In the UK
4. If Saddam were to initiate a terrorist campaign, we assess that Iraqi capability to mount attacks in the UK is currently limited. We are aware of no Iraqi intelligence (DGI) officers based in the UK. There are up to DGI agents here who report on anti-regime activities. But most of these agents lack the inclination or capability to mount terrorist attacks. So if the DGI wished to mount attacks in the UK it would need to import teams from overseas. It is possible that some Palestinian groups based outside the UK might be willing to mount attacks in support of Iraq,
5. Nonetheless, in case Iraq should try to co-ordinate action by existing UK-based agents, or to import its own or a surrogate terrorist capability, we will be taking a number of steps over the coming months, including:
reviewing our knowledge of past and present DGI visiting case officers to identify and disrupt any increase in DGI activity;
putting in place arrangements to deal with (and capitalise on) any increase in defectors, volunteers or callers to the Service's public telephone number who might have relevant information. Experience during the Gulf War leads us to expect an increase in such contact with the public in the event of conflict;
with the police, maintaining coverage of the Palestinian community, some of whom, as during the Gulf War, may react adversely to any threat to Iraq.
6. You may recall that, at the time of the Gulf War, a number of suspected Iraqi sympathisers were detained pending deportation on grounds of national security. These included members of Iraqi support organisations, as well as individuals believed to be associated with Palestinian terrorist groups, such as the Abu Nidhal Organisation. We currently assess that the number of individuals in the UK who potentially pose sufficent threat to be subject to deportation or detnetion is small. We are currently reviewing the cases of those who could pose a threat to establish whether there might be grounds for action.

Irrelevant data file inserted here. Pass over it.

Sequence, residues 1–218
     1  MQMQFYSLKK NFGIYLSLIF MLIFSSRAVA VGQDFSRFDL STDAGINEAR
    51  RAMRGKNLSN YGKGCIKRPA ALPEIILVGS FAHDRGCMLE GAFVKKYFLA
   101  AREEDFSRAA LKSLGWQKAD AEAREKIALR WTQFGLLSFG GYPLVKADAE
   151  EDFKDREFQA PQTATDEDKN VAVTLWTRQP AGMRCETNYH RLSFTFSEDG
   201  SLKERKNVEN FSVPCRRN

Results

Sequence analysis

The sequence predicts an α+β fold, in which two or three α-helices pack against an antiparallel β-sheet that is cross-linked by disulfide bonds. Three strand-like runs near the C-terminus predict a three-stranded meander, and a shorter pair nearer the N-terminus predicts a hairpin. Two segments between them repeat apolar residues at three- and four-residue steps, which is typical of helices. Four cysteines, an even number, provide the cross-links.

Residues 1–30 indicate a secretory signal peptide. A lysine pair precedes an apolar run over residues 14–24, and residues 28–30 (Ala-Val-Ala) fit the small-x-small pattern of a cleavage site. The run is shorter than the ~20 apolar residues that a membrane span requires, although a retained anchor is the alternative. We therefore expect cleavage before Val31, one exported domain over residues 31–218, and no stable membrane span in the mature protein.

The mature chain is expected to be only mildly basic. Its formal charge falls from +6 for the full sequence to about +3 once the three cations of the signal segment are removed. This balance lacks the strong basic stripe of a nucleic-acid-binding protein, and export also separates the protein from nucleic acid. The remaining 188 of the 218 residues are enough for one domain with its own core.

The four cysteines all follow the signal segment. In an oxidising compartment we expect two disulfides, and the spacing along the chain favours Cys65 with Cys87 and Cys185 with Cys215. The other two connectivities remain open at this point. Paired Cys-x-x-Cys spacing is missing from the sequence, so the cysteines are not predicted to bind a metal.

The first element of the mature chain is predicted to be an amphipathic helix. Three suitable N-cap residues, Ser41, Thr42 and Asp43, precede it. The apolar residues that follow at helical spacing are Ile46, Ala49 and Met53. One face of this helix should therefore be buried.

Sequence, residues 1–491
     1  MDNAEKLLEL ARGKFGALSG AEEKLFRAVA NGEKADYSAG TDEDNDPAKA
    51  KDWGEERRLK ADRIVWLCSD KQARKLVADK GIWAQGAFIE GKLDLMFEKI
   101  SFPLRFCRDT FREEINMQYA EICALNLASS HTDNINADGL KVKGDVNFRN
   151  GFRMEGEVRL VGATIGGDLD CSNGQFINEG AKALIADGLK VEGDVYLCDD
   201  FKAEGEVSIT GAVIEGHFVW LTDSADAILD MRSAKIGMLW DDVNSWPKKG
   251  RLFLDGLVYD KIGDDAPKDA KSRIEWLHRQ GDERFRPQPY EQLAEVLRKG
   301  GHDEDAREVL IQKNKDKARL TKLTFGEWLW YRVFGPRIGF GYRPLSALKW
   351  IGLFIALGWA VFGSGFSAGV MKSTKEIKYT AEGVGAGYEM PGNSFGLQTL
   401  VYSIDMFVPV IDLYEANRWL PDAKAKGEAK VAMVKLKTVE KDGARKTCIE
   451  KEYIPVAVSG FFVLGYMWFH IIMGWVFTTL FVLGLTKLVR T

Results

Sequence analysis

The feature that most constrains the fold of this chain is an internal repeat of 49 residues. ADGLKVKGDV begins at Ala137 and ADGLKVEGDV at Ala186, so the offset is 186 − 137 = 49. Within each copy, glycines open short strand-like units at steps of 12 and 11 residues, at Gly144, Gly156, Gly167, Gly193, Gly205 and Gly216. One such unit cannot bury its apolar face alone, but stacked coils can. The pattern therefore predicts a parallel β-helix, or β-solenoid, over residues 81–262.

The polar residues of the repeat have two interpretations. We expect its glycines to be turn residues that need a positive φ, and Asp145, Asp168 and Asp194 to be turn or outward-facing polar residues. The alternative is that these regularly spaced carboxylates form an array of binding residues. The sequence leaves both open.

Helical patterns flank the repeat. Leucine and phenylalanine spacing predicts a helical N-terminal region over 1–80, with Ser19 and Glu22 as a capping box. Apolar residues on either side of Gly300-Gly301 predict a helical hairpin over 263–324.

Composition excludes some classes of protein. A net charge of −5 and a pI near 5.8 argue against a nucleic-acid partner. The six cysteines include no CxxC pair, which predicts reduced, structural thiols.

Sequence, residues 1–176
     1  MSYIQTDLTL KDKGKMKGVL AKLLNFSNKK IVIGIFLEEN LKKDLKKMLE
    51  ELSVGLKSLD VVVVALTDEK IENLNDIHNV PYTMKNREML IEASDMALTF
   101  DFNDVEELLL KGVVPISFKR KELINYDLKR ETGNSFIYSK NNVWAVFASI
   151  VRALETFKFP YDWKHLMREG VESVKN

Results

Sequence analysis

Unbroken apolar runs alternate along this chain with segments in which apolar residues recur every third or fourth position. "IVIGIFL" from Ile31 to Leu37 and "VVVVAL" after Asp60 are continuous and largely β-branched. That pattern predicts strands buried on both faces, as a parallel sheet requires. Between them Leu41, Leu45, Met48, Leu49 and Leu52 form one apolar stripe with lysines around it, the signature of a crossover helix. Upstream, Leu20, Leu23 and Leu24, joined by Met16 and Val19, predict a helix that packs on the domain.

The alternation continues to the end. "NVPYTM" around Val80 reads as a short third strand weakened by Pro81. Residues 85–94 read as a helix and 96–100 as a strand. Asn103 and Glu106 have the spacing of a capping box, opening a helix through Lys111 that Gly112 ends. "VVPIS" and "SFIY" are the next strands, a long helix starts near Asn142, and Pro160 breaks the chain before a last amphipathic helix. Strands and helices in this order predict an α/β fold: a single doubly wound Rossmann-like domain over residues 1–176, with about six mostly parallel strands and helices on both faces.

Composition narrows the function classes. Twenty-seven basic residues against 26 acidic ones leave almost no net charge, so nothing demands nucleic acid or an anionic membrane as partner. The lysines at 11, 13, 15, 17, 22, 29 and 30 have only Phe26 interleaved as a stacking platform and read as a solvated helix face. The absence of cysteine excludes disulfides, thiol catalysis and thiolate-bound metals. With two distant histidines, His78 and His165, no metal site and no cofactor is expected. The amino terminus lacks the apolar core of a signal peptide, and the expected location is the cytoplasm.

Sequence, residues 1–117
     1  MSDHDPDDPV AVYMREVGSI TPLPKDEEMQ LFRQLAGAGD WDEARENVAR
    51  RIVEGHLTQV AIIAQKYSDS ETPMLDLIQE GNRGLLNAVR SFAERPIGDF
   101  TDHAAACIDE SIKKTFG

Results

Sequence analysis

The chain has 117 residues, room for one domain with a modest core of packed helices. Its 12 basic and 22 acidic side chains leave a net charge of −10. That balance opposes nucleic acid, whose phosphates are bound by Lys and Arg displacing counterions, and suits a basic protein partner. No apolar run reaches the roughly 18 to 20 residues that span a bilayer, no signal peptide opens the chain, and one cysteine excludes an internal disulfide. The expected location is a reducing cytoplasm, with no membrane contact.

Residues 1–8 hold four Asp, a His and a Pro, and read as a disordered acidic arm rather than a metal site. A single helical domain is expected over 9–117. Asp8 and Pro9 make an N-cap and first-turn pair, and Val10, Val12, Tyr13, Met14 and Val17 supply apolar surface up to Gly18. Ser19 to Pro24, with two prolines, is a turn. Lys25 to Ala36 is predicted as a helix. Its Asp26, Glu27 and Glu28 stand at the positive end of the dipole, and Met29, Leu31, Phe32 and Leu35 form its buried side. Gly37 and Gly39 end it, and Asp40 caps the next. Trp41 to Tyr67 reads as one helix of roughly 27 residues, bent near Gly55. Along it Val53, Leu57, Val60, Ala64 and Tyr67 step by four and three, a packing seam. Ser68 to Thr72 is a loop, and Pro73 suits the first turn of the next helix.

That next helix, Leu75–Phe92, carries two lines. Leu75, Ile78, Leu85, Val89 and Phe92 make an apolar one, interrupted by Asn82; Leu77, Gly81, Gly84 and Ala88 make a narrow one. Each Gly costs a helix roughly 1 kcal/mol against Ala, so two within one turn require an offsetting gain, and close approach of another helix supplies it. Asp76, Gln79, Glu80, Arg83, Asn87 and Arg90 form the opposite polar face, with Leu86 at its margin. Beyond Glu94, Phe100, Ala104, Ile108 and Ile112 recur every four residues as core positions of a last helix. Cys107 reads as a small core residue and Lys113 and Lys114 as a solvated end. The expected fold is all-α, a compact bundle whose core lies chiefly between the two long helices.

7. We believe that Middle Eastern countries would be the most likely location should Saddam order terrorist attacks on Western interests. Other locations, for instance SE Asia featured in attempted DGI co-ordinated attacks during the Gulf War and are thus also a possibility. We will, of course, continue to liaise closely with FCO colleagues to ensure they are in a position to brief missions if the situation develops.
Chemical or biological (CB) threat
8. There were media stories during the Gulf War suggesting that Iraq planned to mount CB terrorist attacks in Western countries, and a 1998 scare (arising from a tale put about by Iraqi emigres) that Saddam planned to send anthrax abroad in scent bottles. Given Iraq's documented CB capabilities, we can anticipate similar stories again.
9. Most Iraqi CB terrorist attacks have been assassination attempts against individuals, often emigres.
Iraq used chemical weapons during the Iran-Iraq war and also against civilian Kurds in 1988, but there is no intelligence that Iraq has hitherto planned or sought mass-casualty CB terrorist attacks. As with conventional terrorism, we assess that Saddam would only use CB against Western targets if he felt the survival of his regime was in doubt. In these circumstances, his preferred option would be to use conventional military delivery systems against targets in the region, rather than terrorism.
10. There have for some years been reports of contact between the Iraqi regime and Al Qa'ida about CB. But we have yet to see convincing intelligence that useful co-operation developed, or that Iraq provided genuine CB materials.